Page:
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Map of the Byzantine Empire 550 AD

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Map of the
Byzantine Empire 550 AD
Eastern Roman Empire
• The city of Constantinople has been known
through the ages under a large number of
different names.
• It was first known as Byzantium. The capital of
the Eastern Roman empire was moved from
Rome to Byzantium in Anatolia.
• Byzantium was renamed Constantinople after
the Roman Emperor Constantine around 330
AD. Constantinople was the capital of the
Eastern Roman Empire until around 395 AD
when it became the capital of the Byzantine
Constantinople (Istanbul)
Hagia Sophia
Diocletian Divides the Empire
In 284 AD, the emperor Diocletian divided
the Roman empire into four administrative
districts, one of which was the East.
Role of Constantinople
• Seat of the Byzantine Empire until
Ottoman conquest
• Preserved classical Greco-Roman culture
• Center of Trade
• In 1453 the Ottoman Turkish Empire will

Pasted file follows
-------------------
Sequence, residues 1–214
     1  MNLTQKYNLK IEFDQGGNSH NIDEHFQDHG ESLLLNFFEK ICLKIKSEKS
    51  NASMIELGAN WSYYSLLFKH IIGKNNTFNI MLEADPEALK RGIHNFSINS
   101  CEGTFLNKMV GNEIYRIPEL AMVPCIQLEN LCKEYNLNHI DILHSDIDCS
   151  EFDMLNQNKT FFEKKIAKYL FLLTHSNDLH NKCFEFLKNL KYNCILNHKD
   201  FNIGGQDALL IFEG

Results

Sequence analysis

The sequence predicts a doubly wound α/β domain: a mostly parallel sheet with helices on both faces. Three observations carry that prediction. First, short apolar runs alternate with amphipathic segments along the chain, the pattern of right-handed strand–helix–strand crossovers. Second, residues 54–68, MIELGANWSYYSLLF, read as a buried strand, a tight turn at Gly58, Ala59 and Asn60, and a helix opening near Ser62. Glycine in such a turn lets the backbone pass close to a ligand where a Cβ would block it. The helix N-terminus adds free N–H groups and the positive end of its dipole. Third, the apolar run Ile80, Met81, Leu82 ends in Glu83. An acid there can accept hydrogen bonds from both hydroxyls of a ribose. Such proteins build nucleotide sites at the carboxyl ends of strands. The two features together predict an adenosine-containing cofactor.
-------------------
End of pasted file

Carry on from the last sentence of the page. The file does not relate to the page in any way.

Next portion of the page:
conquer the Byzantine Empire and
Constantinople will become their capital.
• The Ottoman Empire will fall after the First
World War in 1922.
• Constantinople provided political,
economic, and military advantages such
– Protection of the eastern frontier
– Distance from the Germanic invasions in the
western empire
– Crossroads of trade
– Easily fortified site on a peninsula bordering a
natural harbor
• It is located on the Bosphorus Strait, and
encompasses the natural harbor known as
the Golden Horn, in the northwest of the
• It extends both on the European (Thrace)
and on the Asian (Anatolia) side of the
Bosphorus, and is thereby the only city in
the world which is situated on two